On November 21, 2012, the U.S. Fish and Wildlife Service (FWS) issued a biological opinion concluding that the groundfish fishery will not jeopardize the continued existence of the short-tailed albatross. The FWS also concurred that the fishery is not likely to adversely affect the marbled murrelet, California least tern, southern sea otter, bull trout, nor bull trout critical habitat.
West Coast pot fisheries for sablefish are considered Category II fisheries under the Marine Mammal Protection Act (MMPA), indicating occasional interactions. All other West Coast groundfish fisheries, including the trawl fishery, are considered Category III fisheries under the MMPA, indicating a remote likelihood of or no known serious injuries or mortalities to marine mammals. MMPA section 101(a)(5)(E) requires that NMFS authorize the taking of ESA-listed marine mammals incidental to U.S. commercial fisheries if it makes the requisite findings, including a finding that the incidental mortality and serious injury from commercial fisheries will have a negligible impact on the affected species or stock. As noted above, NMFS concluded in its biological opinion for the 2012 groundfish fisheries that these fisheries were not likely to jeopardize Steller sea lions or humpback whales. The eastern distinct population segment of Steller sea lions was delisted under the ESA on November 4, 2013 (78 FR 66140). On September 4, 2013, based on its negligible impact determination dated August 28, 2013, NMFS issued a permit for a period of 3 years to authorize the incidental taking of humpback whales by the sablefish pot fishery (78 FR 54553).Start List of Subjects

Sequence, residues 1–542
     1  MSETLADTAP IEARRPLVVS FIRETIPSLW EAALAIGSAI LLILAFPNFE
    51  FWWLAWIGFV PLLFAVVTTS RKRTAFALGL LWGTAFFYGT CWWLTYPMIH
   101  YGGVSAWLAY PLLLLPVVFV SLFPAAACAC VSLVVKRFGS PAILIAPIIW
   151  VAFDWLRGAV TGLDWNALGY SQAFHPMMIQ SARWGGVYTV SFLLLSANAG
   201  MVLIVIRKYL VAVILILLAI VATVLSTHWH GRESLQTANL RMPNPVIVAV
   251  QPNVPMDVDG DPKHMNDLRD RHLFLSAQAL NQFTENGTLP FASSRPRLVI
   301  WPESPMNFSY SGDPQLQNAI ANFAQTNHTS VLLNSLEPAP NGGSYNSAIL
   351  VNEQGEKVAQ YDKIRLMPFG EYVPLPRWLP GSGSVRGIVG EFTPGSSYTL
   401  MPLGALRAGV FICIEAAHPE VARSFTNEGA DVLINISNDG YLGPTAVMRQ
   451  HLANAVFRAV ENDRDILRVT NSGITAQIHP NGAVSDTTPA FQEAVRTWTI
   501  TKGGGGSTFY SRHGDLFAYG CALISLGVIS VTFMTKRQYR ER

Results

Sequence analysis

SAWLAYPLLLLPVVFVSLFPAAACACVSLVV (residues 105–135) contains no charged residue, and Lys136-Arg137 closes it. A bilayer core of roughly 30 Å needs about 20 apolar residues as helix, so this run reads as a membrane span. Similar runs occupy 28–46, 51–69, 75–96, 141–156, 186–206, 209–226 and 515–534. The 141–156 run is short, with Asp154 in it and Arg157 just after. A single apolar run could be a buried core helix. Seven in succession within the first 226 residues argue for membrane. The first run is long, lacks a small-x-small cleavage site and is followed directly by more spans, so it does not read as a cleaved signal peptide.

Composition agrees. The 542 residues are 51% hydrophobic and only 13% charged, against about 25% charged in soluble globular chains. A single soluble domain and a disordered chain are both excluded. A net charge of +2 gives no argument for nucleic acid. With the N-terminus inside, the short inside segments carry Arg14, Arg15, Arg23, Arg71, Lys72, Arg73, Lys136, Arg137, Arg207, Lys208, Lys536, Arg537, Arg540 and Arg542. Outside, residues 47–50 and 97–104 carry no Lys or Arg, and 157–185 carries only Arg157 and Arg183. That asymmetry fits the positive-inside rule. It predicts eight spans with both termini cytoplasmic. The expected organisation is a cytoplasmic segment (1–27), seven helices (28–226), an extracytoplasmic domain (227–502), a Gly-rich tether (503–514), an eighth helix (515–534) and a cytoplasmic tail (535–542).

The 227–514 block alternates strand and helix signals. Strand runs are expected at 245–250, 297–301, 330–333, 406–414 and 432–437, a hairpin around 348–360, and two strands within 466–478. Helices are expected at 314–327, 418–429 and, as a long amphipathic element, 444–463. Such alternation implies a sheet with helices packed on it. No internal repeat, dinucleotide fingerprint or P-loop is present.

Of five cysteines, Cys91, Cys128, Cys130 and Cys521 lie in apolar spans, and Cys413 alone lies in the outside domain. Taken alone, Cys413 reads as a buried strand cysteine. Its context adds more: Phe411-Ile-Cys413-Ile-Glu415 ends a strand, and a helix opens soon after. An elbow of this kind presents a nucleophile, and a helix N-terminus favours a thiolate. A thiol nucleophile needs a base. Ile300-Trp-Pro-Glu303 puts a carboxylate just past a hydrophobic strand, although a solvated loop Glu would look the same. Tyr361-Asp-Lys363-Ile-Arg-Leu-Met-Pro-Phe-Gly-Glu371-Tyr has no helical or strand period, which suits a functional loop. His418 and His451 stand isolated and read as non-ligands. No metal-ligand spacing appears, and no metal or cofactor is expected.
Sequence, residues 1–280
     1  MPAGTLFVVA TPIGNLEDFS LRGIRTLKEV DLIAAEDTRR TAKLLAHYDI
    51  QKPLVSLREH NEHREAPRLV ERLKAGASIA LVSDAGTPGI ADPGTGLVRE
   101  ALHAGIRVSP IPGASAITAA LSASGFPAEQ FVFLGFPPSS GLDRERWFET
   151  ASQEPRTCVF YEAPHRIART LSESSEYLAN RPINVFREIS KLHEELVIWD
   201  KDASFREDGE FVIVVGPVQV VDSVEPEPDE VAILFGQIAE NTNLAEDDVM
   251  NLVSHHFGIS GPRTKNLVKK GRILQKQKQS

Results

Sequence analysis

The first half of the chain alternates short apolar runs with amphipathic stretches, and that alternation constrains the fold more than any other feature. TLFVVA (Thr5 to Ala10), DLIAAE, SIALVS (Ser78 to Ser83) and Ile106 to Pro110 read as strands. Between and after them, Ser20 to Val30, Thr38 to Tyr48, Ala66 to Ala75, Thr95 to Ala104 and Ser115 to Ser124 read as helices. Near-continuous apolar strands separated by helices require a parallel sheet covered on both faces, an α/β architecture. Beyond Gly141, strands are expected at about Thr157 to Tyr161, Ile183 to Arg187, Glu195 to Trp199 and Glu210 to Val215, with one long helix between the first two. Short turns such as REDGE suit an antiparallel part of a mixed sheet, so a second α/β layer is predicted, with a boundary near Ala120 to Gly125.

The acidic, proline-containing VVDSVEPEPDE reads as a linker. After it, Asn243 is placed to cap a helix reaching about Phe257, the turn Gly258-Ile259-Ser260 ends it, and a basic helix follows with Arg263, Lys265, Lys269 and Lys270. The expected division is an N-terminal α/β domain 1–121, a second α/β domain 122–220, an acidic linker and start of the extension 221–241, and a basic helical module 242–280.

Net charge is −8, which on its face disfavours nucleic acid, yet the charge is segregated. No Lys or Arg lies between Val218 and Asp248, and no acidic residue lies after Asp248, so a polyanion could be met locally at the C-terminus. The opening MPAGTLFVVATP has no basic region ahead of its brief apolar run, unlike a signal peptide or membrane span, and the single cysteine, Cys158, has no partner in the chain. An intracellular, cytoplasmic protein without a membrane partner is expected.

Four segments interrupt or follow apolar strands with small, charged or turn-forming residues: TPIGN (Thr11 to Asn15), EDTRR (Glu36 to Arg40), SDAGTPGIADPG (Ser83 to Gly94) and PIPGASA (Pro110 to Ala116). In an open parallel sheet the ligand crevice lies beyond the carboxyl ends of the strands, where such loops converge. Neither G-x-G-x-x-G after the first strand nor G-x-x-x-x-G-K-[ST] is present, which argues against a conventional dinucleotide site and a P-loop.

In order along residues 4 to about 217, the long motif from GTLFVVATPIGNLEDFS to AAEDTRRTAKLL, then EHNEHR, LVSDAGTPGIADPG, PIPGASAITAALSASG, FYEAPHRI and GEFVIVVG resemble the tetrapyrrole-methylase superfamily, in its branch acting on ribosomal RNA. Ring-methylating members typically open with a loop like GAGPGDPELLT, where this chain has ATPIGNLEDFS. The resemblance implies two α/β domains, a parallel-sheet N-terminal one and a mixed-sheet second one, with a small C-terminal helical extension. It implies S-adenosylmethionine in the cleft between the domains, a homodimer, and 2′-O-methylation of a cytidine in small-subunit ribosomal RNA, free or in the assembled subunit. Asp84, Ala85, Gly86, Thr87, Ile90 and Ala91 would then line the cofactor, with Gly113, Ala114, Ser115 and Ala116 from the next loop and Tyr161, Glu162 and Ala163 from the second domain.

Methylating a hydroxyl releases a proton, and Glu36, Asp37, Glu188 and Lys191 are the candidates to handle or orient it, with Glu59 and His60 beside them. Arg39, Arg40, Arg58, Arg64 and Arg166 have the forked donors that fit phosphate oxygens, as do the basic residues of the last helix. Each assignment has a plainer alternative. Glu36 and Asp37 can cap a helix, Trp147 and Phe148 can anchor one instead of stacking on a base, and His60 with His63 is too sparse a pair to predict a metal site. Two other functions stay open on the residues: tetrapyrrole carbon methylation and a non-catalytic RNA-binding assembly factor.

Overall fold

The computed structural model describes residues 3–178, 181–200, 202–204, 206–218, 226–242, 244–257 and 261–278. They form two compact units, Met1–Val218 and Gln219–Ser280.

List of Subjects in 50 CFR Part 660
- Fishing, and Indian fisheries
Dated: April 6, 2015.
Assistant Administrator for Fisheries, National Marine Fisheries Service.
For the reasons stated in the preamble, 50 CFR part 660 is amended as follows:Start Part
PART 660—FISHERIES OFF WEST COAST STATESEnd Part Start Amendment Part
1. The authority citation for part 660 continues to read as follows:End Amendment Part Start Amendment Part
2. In § 660.131, revise paragraph (b)(2)(iii)(C) to read as follows:End Amendment Part
(b) * * *
(2) * * *
(iii) * * *
(C) Shorebased IFQ Program. The start of the Shorebased IFQ Program primary whiting season is:
(1) North of 40°30′ N. lat.—May 15;
(2) South of 40°30′ N. lat.—April 15.
[FR Doc. 2015-08194 Filed 4-8-15; 8:45 am]
BILLING CODE 3510-22-P